"So nurses in my family are working on Sundays. Doctors are working on Sundays and emergency responders are working on Sundays. I recognise that being First Minister is 24/7 [although] I don't think we should begrudge our politicians some time to be balanced and to recharge. 

“Emergencies happen on Sunday, and I'm available - I'm not just available, I'll be on the front foot when it comes to these issues. I had to do this during Covid. 

“There were decisions that had to be made on a Sunday during Covid, such as procuring PPE. It’s a 24/7 job.”

With the SNP showing signs of political mortality after 16 years in office, and the next leader facing tough general and Holyrood elections, Ms Forbes was asked if she would take a second bite at the leadership if she lost this time and a vacancy arose in a few years' time.

She said: “Whatever the outcome, I will be content. Because I'll either get to go back to a slightly more relaxed life as a new mum, or I'll be First Minister trying to make a difference for my daughter's generation growing up. 

"The outcome is going to be determined by SNP members, and I will abide by the outcome, and I'm quite relaxed about that.”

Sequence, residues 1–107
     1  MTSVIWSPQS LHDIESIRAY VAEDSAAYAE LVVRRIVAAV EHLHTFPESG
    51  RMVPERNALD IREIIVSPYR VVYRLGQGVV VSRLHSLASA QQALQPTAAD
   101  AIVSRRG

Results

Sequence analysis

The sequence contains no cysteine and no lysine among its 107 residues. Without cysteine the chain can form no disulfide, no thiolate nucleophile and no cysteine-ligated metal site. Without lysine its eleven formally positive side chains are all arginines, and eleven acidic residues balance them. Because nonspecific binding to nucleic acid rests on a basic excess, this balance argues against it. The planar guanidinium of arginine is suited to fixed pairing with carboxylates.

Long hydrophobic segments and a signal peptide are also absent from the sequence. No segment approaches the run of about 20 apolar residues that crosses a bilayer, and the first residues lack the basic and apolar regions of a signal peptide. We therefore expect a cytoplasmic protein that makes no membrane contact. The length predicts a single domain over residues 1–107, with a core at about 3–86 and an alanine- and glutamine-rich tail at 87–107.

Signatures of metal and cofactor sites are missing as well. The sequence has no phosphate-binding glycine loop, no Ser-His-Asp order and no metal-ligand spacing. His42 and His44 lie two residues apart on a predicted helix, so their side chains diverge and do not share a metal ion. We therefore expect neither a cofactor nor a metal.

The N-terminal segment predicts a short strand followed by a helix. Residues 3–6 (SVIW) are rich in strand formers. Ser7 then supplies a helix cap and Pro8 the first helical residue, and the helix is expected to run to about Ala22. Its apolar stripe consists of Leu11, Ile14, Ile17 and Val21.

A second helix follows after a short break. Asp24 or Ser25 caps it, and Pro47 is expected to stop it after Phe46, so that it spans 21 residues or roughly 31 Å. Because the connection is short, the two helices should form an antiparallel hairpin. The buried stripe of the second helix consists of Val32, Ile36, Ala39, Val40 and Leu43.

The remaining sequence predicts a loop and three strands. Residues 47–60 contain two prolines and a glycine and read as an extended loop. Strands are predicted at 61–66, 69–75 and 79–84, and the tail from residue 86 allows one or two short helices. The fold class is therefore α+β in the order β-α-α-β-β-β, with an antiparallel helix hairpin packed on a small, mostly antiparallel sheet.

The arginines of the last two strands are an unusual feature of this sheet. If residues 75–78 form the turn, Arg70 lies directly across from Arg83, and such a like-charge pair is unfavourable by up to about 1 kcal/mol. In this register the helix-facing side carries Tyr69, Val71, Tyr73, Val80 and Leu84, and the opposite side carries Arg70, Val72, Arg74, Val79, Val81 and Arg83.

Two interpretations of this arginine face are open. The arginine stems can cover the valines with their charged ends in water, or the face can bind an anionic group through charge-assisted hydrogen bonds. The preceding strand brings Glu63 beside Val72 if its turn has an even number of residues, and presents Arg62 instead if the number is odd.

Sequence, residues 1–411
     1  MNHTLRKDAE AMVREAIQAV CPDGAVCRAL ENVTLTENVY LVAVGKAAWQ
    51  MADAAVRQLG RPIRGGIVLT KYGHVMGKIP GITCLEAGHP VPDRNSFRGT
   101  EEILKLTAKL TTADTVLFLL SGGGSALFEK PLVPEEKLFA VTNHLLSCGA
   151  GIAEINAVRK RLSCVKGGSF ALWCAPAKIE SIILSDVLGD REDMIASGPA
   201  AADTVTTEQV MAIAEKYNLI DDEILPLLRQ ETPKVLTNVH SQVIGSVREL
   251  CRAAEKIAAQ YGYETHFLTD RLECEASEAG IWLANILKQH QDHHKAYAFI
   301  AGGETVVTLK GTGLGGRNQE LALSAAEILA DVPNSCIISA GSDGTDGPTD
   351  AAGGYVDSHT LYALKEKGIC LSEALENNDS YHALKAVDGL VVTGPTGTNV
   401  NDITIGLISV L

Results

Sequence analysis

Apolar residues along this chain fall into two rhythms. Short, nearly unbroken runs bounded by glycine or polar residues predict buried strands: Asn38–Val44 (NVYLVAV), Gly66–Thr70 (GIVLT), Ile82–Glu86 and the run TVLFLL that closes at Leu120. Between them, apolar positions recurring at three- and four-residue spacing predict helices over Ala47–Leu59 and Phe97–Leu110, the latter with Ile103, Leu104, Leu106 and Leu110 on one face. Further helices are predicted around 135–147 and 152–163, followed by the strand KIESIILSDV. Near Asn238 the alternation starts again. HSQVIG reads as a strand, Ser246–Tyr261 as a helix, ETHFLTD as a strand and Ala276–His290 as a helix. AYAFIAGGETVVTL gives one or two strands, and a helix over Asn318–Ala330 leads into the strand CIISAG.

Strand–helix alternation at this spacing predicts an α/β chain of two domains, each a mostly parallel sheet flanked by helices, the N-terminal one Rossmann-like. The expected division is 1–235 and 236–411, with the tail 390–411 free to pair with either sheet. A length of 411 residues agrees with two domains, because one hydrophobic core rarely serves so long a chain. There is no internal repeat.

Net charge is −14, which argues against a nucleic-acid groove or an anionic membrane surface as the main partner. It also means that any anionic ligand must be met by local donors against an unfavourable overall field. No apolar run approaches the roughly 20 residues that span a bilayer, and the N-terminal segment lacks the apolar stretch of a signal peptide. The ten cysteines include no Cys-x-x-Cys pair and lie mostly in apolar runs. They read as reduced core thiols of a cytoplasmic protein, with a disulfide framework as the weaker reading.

She went on: 

“I think it would be unlikely that I would come back in the future. I will continue to support the party and I'll support the leader, but I feel like I've made my campaign clear.

 “People know who they're voting for. It's up to members to determine which of us is First Minister, but I think it's unlikely that I would stand again. You can never say never, but I think it's highly, highly unlikely.”

READ MORE: Yousaf says Scotland subject to 'foreign government' at Westminster

Asked if she meant that she might not be an MSP when there was next a leadership vacancy, she said: “No, I just think it's highly unlikely.” 

Reminded the Tories had buyers’ remorse after electing Liz Truss as their leader last year and then turned back to Mr Sunak, Ms Forbes said: “I think it unlikely. I think whatever scenario you consider, I think my answer will be the same in terms of being unlikely.”

Ms Forbes also took issue with Mr Yousaf's plan for a taxpayer-funded legal challenge to undo the UK Government’s Section 35 veto imposed on Holyrood's Gender Recognition Reform bill (GRR).

He has said fighting the “power grab” is a matter of principle, and he would do ito as a First Minister who was also a "First Activist".

However that could mean going against the advice of the Lord Advocate - up to three times if the case was appealed all the way to the UK Supreme Court - which could prompt Dorothy Bain KC to quit.

Ms Forbes said that pushing ahead against legal advice would be “foolhardy on the basis that it's costly and on the basis that it won't get the result [Mr Yousaf wants]. 

"For me, court is always the last port of call, not the first, and legal advice matters. 

“It really matters for the public to have confidence in your decision making. And it matters for those who are most affected by this legislation, which is the trans community.

“The First Minister needs to be bound by the law and needs to be very carefully advised on the legal implications of all legislation.”